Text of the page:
At the presence of God, the God of Israel.
A rain of gifts You showered, O God;
Your inheritance, though it languished, You Yourself established.
Your beasts dwelled in it;
You prepared it in Your goodness for the lowly, O God. (Psalm 68:7–10, James Jordan)

So you see that the waters of baptism are a rescue from judgment and death, and they are a source of life and refreshment. But they are also a commissioning, into a priesthood and into an army! As soon as Israel had crossed the Red Sea in battle array, they fought the Amalekites. Likewise, Psalm 68 continues:

My Master gives the word;
The messengers are a great army.
Kings of armies flee; they flee;
And those remaining at home divide the spoil,
Those remaining with the sheepfolds:
A dove’s wings covered with silver,
And her pinions with green–gold.
When the Almighty scattered kings there,
You made it snow on Black Mountain.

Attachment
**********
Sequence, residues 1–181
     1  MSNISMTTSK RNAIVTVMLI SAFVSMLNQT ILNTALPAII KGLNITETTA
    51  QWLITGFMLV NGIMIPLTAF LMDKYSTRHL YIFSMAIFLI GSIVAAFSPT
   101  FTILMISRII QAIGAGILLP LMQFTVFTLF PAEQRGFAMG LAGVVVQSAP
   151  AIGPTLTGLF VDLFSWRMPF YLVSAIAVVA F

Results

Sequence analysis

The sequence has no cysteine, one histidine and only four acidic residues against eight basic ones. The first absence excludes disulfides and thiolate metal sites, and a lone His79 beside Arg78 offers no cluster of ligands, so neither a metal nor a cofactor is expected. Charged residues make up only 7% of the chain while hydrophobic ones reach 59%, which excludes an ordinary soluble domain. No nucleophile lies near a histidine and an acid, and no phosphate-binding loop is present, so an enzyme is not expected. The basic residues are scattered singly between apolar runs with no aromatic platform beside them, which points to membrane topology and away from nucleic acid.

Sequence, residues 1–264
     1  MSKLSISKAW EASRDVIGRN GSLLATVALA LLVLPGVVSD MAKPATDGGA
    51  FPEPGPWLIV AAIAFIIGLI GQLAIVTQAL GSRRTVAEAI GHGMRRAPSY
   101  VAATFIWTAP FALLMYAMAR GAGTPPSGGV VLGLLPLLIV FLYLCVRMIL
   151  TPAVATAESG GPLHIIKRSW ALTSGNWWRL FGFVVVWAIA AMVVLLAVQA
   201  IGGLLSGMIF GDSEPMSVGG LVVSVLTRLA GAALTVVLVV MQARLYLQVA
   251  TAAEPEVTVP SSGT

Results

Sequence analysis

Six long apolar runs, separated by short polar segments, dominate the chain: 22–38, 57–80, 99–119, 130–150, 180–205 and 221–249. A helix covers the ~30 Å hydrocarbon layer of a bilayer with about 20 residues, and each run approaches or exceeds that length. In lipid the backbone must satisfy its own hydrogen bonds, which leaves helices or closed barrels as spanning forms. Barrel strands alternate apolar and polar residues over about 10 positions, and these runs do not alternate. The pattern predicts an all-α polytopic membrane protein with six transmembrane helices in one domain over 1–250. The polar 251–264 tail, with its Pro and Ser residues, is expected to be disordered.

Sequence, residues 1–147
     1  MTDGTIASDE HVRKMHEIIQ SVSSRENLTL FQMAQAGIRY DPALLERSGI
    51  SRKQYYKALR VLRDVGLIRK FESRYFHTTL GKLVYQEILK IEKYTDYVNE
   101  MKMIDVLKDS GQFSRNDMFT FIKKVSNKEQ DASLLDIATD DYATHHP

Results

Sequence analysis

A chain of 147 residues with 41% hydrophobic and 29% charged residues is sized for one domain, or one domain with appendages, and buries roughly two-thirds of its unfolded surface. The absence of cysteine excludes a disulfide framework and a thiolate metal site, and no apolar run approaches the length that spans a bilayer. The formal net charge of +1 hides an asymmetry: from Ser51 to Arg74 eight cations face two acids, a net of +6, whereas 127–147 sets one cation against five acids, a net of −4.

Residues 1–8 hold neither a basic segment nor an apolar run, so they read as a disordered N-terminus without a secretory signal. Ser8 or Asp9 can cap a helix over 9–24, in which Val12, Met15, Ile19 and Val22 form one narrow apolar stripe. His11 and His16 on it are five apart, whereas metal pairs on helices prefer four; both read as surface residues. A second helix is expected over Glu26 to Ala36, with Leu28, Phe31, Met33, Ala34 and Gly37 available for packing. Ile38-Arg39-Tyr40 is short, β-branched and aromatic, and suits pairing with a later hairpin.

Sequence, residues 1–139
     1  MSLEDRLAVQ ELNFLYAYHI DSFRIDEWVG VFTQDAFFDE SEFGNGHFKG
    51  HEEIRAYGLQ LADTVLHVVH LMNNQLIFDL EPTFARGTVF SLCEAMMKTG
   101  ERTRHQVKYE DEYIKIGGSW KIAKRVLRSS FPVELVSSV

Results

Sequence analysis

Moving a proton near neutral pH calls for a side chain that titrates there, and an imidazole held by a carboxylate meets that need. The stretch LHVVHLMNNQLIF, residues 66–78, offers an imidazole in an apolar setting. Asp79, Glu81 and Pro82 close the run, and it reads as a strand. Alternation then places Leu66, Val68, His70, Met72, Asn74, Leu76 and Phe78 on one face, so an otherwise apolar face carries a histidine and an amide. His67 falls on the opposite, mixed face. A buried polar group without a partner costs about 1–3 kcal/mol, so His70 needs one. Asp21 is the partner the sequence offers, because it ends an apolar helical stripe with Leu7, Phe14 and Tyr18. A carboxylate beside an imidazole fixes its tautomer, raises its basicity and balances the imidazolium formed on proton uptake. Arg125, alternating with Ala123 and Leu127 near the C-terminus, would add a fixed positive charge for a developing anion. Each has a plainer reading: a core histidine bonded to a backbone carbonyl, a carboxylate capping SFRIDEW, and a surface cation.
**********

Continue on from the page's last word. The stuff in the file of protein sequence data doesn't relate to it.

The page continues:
O mountain of gods, mountain of Bashan,
O mountain of ridges, mountain of Bashan,
Why your hostility, you mountains of ridges,
Toward the mountain God delighted for His dwelling?
Yes, Yahweh will dwell there endlessly.
The chariots of God are twice myriads,
Thousands upon thousands,
My Master among them,
At Sinai, in the holy place!
You ascended on high;
You captured a captivity;
You took men as gifts—
And even rebels—
In order that Yah, God might dwell. (Psalm 68:11–18, James Jordan)

The same thing happened when Israel crossed the Jordan into the promised land. God brought them safely through waters, circumcised them, and formed them into his own army to conduct a holy war.